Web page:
Set in a future run by warring clans, whose sole purpose is to acquire lands and their economic wealth, one clan seemed destined to rule them all.
This clan was known as Randell Khan.
With a warrior army hell-bent on causing as much violence and destruction as they can, it seems only a matter of time before the world is theirs. Unfortunately for the Randell Khan, however, mistakes have been made – mistakes that can no longer be avoided.
Years ago, in their haste to amass their warrior army, they enlisted only the most noble fighters they could find – warriors who lived by a code; warriors who could not be corrupted; and warriors who followed their leader, Cooper Rin, without hesitation.
Time and again, their refusal to kill innocent people made the Randell Khan look weak to their enemies. This resulted in an order being passed down by Bantian Foo – the highest leader of the clan – that would change the game forever.
In the hope that they could be easily controlled by the clan, every member of the Khan warriors was poisoned with a substance that would turn them into mindless killers. And, just for good measure, family members of the warriors were murdered in an attempt to wipe all evidence of the noble warriors’ existence.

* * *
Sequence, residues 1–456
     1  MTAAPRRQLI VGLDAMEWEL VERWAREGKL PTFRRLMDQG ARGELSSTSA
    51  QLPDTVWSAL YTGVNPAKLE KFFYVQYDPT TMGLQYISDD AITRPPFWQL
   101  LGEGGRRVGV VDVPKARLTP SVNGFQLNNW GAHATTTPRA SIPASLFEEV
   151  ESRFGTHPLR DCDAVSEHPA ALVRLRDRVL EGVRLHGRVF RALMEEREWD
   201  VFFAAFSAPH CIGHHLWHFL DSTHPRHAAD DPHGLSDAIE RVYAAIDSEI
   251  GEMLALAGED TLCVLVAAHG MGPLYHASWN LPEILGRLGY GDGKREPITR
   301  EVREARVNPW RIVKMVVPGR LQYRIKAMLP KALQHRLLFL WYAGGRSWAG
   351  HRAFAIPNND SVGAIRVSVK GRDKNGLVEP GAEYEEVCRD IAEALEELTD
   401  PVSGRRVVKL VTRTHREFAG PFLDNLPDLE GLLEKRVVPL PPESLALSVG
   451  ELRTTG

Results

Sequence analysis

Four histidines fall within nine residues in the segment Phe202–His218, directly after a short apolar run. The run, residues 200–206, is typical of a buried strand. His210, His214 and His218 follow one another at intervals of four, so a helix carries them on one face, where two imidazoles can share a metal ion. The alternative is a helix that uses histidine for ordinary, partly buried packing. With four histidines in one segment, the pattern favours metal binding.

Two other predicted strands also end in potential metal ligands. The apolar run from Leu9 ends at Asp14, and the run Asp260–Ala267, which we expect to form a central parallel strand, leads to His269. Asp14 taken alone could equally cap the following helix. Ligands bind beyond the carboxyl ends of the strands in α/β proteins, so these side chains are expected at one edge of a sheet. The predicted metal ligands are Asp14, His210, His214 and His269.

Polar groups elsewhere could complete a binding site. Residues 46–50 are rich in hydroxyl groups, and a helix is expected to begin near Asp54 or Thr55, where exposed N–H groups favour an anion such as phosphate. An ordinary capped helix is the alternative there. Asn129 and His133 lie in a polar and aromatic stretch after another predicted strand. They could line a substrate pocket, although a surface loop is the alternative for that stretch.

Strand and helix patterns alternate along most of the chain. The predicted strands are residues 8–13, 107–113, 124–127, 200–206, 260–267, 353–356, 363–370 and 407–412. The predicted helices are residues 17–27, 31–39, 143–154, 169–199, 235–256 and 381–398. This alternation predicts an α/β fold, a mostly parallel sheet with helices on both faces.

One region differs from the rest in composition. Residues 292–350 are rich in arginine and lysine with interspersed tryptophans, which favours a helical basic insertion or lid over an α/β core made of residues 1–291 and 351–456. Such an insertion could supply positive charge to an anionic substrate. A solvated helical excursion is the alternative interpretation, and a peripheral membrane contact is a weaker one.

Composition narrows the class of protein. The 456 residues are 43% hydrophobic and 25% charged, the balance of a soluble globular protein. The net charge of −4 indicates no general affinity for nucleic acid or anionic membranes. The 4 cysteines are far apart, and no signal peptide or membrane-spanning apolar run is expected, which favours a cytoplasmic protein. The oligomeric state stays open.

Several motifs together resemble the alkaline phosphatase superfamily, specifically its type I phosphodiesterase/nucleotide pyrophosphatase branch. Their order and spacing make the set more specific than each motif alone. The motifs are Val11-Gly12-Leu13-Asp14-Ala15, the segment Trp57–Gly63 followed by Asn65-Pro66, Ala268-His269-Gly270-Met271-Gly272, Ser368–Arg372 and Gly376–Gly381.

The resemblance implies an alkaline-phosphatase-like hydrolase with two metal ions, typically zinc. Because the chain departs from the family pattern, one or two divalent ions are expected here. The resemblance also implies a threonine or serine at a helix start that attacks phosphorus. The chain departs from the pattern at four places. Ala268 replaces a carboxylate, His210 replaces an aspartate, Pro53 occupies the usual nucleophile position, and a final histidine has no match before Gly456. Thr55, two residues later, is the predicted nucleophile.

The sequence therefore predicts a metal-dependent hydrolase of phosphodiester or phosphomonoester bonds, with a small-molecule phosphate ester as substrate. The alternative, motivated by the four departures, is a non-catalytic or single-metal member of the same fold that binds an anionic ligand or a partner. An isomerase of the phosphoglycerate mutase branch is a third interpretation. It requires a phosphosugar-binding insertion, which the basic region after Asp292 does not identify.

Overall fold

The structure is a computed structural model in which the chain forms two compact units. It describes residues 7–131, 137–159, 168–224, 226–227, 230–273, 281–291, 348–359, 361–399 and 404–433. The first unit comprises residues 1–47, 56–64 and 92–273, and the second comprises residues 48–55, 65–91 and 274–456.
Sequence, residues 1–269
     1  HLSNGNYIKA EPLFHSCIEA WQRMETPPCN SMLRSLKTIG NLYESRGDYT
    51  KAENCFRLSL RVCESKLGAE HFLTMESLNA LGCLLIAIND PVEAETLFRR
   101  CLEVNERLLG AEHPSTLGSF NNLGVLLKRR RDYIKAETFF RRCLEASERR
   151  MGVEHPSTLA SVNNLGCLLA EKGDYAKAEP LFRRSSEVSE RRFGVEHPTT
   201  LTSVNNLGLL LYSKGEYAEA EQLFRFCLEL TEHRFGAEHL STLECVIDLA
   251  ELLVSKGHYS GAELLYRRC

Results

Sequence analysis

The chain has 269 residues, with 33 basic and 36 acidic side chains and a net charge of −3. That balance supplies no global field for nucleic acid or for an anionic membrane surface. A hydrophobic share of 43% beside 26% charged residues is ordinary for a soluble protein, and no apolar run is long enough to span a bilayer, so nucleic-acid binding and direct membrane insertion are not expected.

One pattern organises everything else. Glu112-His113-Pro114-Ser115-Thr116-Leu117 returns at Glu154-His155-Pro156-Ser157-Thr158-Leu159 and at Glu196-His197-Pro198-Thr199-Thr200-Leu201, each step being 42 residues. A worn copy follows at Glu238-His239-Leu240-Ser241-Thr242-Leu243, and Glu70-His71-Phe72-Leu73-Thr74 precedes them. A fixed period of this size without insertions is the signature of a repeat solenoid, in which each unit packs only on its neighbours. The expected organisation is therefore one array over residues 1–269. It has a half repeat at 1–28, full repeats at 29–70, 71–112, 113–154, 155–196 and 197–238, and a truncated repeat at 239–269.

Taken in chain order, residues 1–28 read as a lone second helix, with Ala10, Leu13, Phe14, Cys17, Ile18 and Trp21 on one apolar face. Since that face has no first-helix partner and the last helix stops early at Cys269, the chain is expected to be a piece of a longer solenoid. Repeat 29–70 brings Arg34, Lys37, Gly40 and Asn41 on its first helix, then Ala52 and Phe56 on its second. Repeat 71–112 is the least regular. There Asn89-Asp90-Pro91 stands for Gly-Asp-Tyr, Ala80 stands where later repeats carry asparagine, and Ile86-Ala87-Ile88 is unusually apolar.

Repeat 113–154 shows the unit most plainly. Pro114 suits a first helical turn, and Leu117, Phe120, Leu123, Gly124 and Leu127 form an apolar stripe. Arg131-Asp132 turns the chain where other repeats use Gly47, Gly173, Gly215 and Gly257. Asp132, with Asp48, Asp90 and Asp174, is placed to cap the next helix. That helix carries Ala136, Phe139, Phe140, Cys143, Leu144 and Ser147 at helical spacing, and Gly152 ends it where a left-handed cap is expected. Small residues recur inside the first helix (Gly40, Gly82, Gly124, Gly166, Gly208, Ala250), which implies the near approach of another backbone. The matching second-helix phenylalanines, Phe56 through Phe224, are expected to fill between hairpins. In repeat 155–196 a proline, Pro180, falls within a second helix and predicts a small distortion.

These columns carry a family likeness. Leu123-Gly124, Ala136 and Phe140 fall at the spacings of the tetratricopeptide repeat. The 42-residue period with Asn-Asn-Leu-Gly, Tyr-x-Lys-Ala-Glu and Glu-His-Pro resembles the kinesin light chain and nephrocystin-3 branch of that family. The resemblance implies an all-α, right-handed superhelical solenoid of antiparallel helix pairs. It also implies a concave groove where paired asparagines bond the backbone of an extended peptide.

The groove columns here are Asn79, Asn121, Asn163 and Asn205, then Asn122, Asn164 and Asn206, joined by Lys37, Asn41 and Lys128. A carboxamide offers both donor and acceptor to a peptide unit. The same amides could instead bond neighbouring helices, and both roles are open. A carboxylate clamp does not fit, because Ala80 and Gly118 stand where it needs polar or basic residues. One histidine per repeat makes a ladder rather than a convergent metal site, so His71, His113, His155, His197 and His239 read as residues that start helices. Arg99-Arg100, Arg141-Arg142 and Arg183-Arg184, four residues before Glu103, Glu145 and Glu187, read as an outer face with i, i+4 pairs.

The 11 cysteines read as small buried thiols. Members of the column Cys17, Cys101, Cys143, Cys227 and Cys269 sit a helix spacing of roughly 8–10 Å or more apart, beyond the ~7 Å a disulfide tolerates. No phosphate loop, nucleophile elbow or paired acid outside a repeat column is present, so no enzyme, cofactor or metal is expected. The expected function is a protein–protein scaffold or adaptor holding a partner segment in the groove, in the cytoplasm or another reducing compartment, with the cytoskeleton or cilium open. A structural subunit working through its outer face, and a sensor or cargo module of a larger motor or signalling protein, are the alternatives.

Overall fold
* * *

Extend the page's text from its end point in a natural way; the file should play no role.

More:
When the poison took hold, however, it destroyed their bodies but not their minds. And though the warriors lay dead and rotting, their strength actually increased and they no longer felt physical pain.
These were the Undead Warriors, soon to be known as the Cooper Rin, and revenge was what they wanted most.
Upon hearing this, the Randell Khan amassed a new group of warriors. Having no allegiance to the Clan, these rouge warriors had but one code: money. They struck a deal with the Randell Khan – the more Cooper Rin they killed, the more money they got.
Soon, large corporations who were protected by the Randell Khan began to show interest in the kill rates of certain warriors, and offered sponsorship to ensure the protection of their companies. Others quickly followed, and as more and more companies became warrior sponsors, the battles were now being televised and gambled upon. With the armour of the warriors now covered in sponsorship logos, companies scrambled for protection while the Randell Khan reaped the benefits.
This, however, was no one-way battle. The Cooper Rin was a highly skilled fighting team. And though their bodies were dying, their need for Khan blood was insatiable.